I cannot have been the only person who caught that horrible character assassination for Lois Lane in the back-up issue for Action Comics this week?
Did people really not catch that? Come on, people. That is some Class A character assassination.
And the worst part? The writer probably thought he was writing Lois really well. But oh man… NO NO NO.
He was. As ever Action remains one of the best books in the New 52.
In what way was Lois misrepresented - Especially at this stage in her hero’s journey?
Lois Lane has always been about the story - over seven decades she has ignored her personal safety in pursuit of that front page.
Your personal opinion is that it remains one of the best books in the new 52. My opinion is that it’s a retread of the same things covered in Birthright and Secret Origins told in a much less emotionally deep way.
And I’m not the only person that thinks so. Even people who are enjoying the book will tell you openly that they think Grant has been missing the mark and stepping over the line with character beats that are going to have to be soft-retconned out. The book has lost more readers than any other book in the top 10 since October. So clearly not everyone has been thrilled despite the great publicity and press.
For 7 decades, Lois has ignored HER personal safety. She does not ignore the personal safety of OTHERS in pursuit of a story.
That is a complete misrepresentation of the character. Lois doesn’t care if SHE dies in pursuit of a story—-but if there are people in danger she will help them first.
There are examples all the way back in the Fleischer cartoons where she is the person picking up the gun to try and help the innocent people BEFORE Superman arrives.
In the 1950’s Superman series, see Lois Lane as played by Phyllis Coates holding a man who is badly injured until Superman arrives so that Superman can help get him to safety.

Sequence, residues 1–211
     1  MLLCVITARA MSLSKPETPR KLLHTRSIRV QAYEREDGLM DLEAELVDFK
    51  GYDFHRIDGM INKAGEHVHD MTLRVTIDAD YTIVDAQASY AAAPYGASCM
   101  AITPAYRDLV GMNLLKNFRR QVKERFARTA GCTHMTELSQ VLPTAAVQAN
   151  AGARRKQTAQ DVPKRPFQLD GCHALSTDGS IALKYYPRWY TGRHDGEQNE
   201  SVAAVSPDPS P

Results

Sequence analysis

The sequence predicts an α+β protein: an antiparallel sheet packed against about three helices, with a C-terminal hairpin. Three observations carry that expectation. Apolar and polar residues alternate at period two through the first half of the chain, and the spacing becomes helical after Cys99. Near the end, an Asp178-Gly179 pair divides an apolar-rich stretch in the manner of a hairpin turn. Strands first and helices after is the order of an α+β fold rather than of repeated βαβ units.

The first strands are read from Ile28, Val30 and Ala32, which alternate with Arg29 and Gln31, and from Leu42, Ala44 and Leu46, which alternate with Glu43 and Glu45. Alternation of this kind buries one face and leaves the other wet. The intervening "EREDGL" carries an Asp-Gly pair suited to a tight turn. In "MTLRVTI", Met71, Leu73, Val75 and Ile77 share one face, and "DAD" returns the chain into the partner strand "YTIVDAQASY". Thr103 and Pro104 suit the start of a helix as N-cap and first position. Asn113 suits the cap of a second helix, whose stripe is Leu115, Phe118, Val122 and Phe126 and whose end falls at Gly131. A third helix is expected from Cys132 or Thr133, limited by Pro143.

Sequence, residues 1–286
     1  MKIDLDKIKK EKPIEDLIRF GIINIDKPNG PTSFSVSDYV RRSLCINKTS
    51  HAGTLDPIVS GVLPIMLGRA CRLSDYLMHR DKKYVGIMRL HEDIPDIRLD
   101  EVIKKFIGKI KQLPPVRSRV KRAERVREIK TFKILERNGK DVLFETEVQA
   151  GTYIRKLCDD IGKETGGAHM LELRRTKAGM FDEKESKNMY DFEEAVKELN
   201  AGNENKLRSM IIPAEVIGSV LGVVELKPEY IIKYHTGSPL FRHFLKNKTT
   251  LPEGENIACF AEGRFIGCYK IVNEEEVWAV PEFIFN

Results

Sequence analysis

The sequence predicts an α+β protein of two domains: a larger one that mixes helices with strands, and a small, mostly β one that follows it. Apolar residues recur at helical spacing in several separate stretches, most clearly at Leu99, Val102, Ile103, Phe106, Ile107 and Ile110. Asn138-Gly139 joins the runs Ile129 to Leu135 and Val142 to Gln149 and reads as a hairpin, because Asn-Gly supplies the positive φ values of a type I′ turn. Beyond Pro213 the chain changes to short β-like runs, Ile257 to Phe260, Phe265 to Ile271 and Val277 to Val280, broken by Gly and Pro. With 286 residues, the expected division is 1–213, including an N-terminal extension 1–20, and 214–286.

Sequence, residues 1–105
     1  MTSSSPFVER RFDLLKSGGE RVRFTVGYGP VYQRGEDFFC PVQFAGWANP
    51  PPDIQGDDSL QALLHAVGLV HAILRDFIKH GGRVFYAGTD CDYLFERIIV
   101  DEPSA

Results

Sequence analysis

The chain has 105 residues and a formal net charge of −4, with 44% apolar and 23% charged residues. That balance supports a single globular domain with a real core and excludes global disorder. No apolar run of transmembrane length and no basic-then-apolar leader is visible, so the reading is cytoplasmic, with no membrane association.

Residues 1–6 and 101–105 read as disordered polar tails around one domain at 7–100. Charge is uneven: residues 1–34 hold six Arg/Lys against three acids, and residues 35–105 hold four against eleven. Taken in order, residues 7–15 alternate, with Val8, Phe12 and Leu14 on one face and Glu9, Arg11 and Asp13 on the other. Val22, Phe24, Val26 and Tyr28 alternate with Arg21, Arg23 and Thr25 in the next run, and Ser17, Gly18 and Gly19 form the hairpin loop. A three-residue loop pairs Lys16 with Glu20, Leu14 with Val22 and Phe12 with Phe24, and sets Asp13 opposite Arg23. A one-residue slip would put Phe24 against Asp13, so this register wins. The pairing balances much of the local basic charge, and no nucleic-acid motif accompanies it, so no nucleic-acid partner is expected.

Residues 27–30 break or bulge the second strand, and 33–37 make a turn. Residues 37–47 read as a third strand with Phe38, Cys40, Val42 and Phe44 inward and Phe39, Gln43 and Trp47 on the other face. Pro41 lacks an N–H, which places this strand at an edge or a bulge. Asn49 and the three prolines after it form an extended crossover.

In the Superman: Doomsday animated feature, we see her specifically telling Jimmy that people are dying around them and that they need to FORGET about getting the story in order to help people.
In “Lois and Clark”, we see Lois reach out in compassion over and over again to people who are injured and hurting around her before going back to write the story. Now, is she impressed by Clark’s compassion? Yes. But the point is that this is something within HER as well.
On Smallville, even before she becomes a journalist, Lois is portrayed as being a true army brat in her dedication to the concept of “no man left behind.” She will dig through rubble to look for survivors after an explosion—-something that Clark notices about her and thanks her for.
Now, interestingly enough, on Smallville in the episode, “Conspiracy” we see Lois stay behind and risk her life to save Zod (of all people) from a gunshot wound. Zod asks Lois why she is risking her life and Lois says, “It’s what Clark would do.” And that worked in this context. Why did it work? Because, by that point, the audience had already SEEN that Lois herself operated under the same moral framework that Clark did. So while Lois was already acting like Clark’s wife giving him the credit for making her a better woman—we had already SEEN Clark giving her the same credit for making him a better man. So there was equality there and it was fine.
In the comics, there are literally hundreds of panels—-it would literally take me all day to post them and I am going out—-that show Lois rushing to the aid of someone in need.
That’s why the famous line about the Fleischer era cartoons is that:
"I’ve always preferred my Lois as a reckless badass. … Yes, Superman is the one that punches out the electrothanasia ray and carries an entire train over a demolished bridge, but Lois is the one who picks up a machine gun and starts shooting before Superman even arrives. Lois is first response, and Superman is the cavalry."—A.V. Club on the Fleischer cartoons